US arrests two Iranians who spied on dissidents

The two men also surveilled Jewish centres

FILE PHOTO: A view from the U.S. Senate side shows the U.S. Capitol Dome (L) in Washington, U.S., October 4, 2013.   REUTERS/Jonathan Ernst/File Photo
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Two Iranians accused of collecting information on opponents of Tehran and took covert pictures of Jewish institutions in the United States were charged Monday with spying for Tehran.

The Justice Department unsealed charges against Iranian-US dual citizen Mohammadi Doostdar and Majid Ghorbani, an Iranian resident of California, alleging they worked together on surveillance of the Jewish sites and aimed to penetrate the militant Iranian opposition Mujahedin-e Khalq, also known as the People's Mujahedin of Iran or MEK.
The two were arrested on August 9 but the charges were not unsealed by a Washington court until Monday.

“This alleged activity demonstrates [Iran’s] continued interest in targeting the United States, as well as potential opposition groups located in the United States,” Acting Executive Assistant Director McGarrity said in a Justice Department statement.

They said that Mr Doostdar, 38, who resides in Iran, travelled to Chicago in July 2017 where agents watched him take pictures of Hillel Center and Rohr Chabad House, both ultraorthodox Jewish community centres, near the University of Chicago.

The indictment did not explain why he took the pictures but it said the images included shots of security features.


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He then travelled to California where he met Mr Ghorbani, apparently for the first time, according to the indictment.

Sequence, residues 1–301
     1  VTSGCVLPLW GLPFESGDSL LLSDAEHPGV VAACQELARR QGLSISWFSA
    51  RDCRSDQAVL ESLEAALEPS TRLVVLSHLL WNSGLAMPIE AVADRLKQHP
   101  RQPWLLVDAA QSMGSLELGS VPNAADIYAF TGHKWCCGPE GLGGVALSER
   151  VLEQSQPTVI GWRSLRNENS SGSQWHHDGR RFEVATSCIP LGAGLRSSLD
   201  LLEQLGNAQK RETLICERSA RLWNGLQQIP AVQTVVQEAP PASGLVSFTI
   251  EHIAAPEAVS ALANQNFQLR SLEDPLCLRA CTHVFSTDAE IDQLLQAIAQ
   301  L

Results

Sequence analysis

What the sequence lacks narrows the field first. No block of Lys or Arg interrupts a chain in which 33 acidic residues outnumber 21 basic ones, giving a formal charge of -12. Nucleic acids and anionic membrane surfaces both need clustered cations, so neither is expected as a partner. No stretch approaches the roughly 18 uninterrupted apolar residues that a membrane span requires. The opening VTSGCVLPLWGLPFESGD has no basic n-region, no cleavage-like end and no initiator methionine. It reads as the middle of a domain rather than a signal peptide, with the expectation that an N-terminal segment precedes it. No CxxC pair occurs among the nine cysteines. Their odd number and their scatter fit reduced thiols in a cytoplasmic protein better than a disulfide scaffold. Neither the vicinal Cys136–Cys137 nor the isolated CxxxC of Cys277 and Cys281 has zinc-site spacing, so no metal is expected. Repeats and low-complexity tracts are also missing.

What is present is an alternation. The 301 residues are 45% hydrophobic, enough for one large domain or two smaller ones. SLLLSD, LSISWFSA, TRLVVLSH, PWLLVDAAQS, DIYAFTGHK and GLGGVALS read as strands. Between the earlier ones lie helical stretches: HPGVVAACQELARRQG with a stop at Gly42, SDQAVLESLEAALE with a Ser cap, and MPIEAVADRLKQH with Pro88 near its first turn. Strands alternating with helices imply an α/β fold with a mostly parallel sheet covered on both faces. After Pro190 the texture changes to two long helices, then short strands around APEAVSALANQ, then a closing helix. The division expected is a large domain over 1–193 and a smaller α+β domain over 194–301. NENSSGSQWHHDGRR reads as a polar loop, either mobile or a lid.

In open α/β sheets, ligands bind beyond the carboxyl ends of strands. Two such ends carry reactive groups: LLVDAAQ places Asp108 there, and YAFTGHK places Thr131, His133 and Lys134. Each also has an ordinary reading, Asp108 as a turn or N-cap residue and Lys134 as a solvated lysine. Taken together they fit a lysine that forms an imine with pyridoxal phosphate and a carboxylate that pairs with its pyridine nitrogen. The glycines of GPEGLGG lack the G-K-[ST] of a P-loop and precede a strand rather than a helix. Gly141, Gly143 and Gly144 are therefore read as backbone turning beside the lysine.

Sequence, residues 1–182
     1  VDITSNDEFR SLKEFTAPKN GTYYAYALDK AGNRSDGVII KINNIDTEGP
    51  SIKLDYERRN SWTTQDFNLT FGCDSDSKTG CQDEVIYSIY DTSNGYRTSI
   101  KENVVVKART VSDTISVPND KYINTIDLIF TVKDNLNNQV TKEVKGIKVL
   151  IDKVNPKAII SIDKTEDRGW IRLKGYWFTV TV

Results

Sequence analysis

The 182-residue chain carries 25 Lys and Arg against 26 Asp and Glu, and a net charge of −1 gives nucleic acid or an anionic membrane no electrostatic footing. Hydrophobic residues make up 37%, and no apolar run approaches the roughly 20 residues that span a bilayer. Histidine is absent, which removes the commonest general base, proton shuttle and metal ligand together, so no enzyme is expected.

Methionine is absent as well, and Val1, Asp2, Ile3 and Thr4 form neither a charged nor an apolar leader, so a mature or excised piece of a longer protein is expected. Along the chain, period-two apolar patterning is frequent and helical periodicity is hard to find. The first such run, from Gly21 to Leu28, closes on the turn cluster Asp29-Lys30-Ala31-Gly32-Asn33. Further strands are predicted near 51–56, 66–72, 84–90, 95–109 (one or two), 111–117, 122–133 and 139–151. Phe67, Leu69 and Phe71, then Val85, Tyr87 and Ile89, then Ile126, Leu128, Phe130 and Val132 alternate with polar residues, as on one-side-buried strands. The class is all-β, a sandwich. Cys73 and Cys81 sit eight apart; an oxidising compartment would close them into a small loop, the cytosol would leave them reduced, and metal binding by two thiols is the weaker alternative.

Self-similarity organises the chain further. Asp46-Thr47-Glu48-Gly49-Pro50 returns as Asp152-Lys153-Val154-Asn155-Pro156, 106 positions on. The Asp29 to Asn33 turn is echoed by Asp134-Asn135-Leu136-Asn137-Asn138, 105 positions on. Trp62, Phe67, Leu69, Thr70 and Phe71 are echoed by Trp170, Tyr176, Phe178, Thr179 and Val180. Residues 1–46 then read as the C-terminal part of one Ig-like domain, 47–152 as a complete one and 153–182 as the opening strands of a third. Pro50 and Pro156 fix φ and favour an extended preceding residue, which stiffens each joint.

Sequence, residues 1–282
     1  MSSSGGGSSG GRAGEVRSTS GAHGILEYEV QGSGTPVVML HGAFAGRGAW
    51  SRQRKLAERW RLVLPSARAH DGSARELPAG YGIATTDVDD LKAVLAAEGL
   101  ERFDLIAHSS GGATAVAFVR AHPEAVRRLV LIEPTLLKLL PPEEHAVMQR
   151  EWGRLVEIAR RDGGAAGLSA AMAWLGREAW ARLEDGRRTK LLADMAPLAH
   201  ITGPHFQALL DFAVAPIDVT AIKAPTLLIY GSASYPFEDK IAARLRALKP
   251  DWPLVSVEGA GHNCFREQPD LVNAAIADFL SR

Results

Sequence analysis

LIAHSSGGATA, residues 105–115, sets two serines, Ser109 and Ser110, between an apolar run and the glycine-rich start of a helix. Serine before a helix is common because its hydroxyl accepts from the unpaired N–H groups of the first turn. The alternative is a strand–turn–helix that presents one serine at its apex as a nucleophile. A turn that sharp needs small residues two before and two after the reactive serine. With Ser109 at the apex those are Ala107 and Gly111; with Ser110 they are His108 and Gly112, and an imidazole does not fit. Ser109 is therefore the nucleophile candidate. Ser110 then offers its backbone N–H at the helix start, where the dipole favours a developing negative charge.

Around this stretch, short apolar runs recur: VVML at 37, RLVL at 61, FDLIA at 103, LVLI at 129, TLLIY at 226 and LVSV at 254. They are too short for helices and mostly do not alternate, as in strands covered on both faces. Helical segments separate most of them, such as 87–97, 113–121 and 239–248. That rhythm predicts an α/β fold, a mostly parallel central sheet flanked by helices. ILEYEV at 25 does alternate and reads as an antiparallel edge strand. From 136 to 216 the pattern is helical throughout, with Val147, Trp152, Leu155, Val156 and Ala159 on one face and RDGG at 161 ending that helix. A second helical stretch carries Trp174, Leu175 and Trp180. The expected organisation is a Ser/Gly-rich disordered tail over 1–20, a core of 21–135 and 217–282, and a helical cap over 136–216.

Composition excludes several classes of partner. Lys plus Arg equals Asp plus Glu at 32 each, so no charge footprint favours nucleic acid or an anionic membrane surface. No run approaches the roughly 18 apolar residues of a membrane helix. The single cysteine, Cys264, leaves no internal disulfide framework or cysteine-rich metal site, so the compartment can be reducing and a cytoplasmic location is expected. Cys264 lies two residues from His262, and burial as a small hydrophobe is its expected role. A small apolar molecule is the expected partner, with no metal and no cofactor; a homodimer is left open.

Two months later Mr Ghorbani, 59, flew to New York for one day where he attended an MEK rally and took photographs of people in attendance.

Then in December, Mr Doostdar travelled back to California to get the MEK information. In conversations between the pair, recorded by the FBI, Mr Ghorbani mentioned trying to "penetrate" the group while Mr Doostdar spoke of being directed by others to collect the information.

"I will give it to the guys to do their research," he said of the photographs.

The indictment says he paid $2,000 (Dh7,345) to Mr Ghorbani in their meetings.

The photos, many with handwritten notes about the participants, were found in Mr Ghorbani’s luggage at a US airport as he was returning to Iran in December 2017, the Justice Department said.

In March and April this year, Mr Ghorbani went to Iran where, according to the indictment, he conducted “in-person briefings” with Iranian government officials on his information on MEK and received a list of "taskings" for infiltrating the dissident group.

In May, Mr Ghorbani attended the MEK-supported Iran Freedom Convention for Human Rights in Washington as part of the California delegation, where he also took pictures of attendees, including while posing in front of the White House.

On May 14, Mr Doostdar called Mr Ghorbani to discuss clandestine methods Mr Ghorbani should use in order to provide this information to Iran.

Mr Doostdar and Mr Ghorbani were both charged with acting as unregistered agents of the Iranian government and providing the Iran government with services in violation of sanctions. They face upwards of five years if found guilty.

Iran considers the Mujahideen-e Khalq to be a terrorist group that seeks the overthrow of the government in Tehran. The group was listed as a terrorist organization by the US State Department until 2012.